By: Elizabeth Olson
Published: August 2, 2010 (New York Times)
The rewards points given by the big hotel chains have worked out well for business travelers like Michael Burden, a commercial real estate consultant, who uses the points for a family trip or vacation.
“It’s not the sole motivation, but as a family man with young children, a goal is to accumulate enough points to spend with them,” he said. But the down side, he said, is that a room at a chain hotel in one city can feel pretty much like a room at the same chain in another city. “There are times when you can forget where you are.”
That is exactly the sentiment that motivated Jeff Low, who formerly worked for the travel Web site Expedia, and e-commerce veterans of Amazon, Microsoft and Zillow to start a network of independent hotels that gives out points and serves as a counter to the points giants like Marriott, Hilton and Hyatt.
The service, called Stash Hotel Rewards, started in May and has signed up 79 hotels in 63 cities, including Boston, Chicago, Los Angeles, New York, San Francisco, Seattle and Washington. The hotels include boutiques, spas and resorts and are all properties with ratings of three stars and above.
The ratings, Stash’s Web site says, are based on its own assessment of the hotel’s service, amenities, reputation and location. They are also patterned, Mr. Low said, on those of large travel sites like Travelocity and Expedia.
Members of the network include the Hotel Griffon, on the Embarcadero in San Francisco; the Little Palm Island Resort on Little Torch Key, Fla.; and the Sunset Marquis hotel in West Hollywood.
“Travelers said they often felt forced to make a frustrating trade-off,” said Mr. Low, the chief executive of Stash Rewards. “An independent hotel offers a more memorable, personalized guest experience, rather than the same bland room and identical bed in the big-box hotel just to earn points.”
Independent hotels have long sought ways to compete more effectively with their larger brethren, but stark differences in hotel type — properties can range from individual motels at the side of a highway to luxury getaways — hindered efforts. Then, the economic downturn made the need to attract more business more pressing.
At independents, overall occupancy dropped 8.9 percent last year, according to figures from Smith Travel Research. Rates also dropped 9.5 percent for the 22,600 independent hotels last year. Through June of this year, occupancy was up 3.4 percent, but rates were down 1.1 percent, according to the travel industry figures.
The figures were similar so far this year for the top 234 highest end independent hotels, where occupancy rose 4.2 percent, and rates dipped nearly 1 percent.
Banding together in a loyalty points system also became more feasible as computer technology became more affordable.
Having a rewards system is important, said Jan Freitag, vice president for global development at Smith Travel Research.
“All the chains have rewards programs, and they are in an arms race over points,” Mr. Freitag said. “Independent hotels can now say that we’ve got what you’re looking for, and there’s also something in it for you, the traveler.”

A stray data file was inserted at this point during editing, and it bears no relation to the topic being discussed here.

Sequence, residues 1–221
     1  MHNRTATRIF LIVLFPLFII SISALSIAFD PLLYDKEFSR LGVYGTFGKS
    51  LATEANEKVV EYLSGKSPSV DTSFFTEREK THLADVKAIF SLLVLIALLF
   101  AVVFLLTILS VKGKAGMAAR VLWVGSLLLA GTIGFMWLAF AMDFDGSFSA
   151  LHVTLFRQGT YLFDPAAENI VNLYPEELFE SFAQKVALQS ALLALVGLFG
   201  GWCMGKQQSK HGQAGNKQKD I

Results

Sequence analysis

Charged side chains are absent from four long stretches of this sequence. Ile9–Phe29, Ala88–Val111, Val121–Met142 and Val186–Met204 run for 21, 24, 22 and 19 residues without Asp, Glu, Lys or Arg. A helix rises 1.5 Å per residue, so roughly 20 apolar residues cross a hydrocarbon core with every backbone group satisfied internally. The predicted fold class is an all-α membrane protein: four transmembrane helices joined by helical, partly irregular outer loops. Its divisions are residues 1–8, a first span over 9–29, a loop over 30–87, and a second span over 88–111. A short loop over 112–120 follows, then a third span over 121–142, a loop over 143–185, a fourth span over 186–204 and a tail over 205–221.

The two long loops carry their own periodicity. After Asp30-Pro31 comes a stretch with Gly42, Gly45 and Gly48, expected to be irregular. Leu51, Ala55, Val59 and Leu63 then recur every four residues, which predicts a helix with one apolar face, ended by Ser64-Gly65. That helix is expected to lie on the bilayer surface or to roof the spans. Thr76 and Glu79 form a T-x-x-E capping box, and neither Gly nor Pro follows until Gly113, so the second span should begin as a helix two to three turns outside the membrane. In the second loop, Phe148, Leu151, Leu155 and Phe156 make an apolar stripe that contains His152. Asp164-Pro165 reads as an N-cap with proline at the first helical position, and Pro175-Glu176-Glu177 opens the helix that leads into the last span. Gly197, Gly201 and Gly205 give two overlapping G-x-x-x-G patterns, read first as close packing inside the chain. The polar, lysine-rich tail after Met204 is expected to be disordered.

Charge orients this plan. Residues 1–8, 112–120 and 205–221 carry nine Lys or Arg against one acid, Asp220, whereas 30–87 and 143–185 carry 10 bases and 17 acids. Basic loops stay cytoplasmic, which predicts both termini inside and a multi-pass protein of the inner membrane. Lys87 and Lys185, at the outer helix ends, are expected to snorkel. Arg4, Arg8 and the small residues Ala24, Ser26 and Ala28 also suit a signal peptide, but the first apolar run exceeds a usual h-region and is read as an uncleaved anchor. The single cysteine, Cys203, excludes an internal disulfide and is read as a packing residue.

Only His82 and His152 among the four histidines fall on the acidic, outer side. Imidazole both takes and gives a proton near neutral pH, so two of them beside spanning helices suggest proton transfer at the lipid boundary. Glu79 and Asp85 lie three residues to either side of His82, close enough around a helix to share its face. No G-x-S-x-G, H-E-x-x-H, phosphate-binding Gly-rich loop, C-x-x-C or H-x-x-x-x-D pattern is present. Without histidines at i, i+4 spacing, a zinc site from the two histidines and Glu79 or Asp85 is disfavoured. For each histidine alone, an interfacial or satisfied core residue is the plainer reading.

Points drive business, said Yogi Hutsen, chief executive for the Coastal Hotel Group, who signed up his hotels for Stash Rewards. “Not giving points has been a drawback for independent hotels. We can now compete head to head.”
The independent hotel points network, operated from Palo Alto, Calif., awards five points for every dollar a customer spends. Points are earned immediately and do not expire. The system has no blackout periods or category restrictions, and travelers sign up free, Mr. Low said.
Under the Stash Rewards system, each hotel sets the price for its room based on availability. A hotel in Florida, for example, would charge more for a room in the peak winter season than in the summer — and a guest member would have to cash in more points to secure a room during high seasons.
The new network charges independent hotels less to obtain guest business than online booking sites, according to independent hotel operators.
Independent hotels pay such sites around 25 percent of the gross amount of the booking, said Eric Horodas, chief executive of Greystone Hotels, which owns and operates independent hotels in San Francisco, Palo Alto, Los Angeles and San Diego. In contrast, Stash Rewards said it charged an average of 7 percent of the room revenue each guest member accumulated.
Online booking sites “have a gigantic market,” Mr. Horodas said. “But I think this independent effort will grow, and the cost of capturing customers will come at a significantly lower cost.”
Mr. Low said he hoped to sign up 200 or more upscale properties by next year.
“We think we’ll soon achieve scale in the U.S. that matches some of the big chains,” Mr. Low said. Those include Hyatt, which has 240 properties, and Starwood, with 500 properties in the United States.
Andy Horrow, an independent marketing consultant from Chicago, who was among the 1,000 people who signed up the first week for the Stash Hotel Rewards program, said in previous jobs he had little choice in hotels because his employers often had deals for corporate rooms.
But business travelers making their own choices, he said, “want to be comfortable, but not the kind of grandma’s quilt comfort, but something hip and young at heart.”
“There are a lot of amazing hotels out there that I want to try,” he said. He also said he saw a beach resort in Naples, Fla., listed on the Stash Rewards Web site, where he would one day take his family with the points he was accumulating.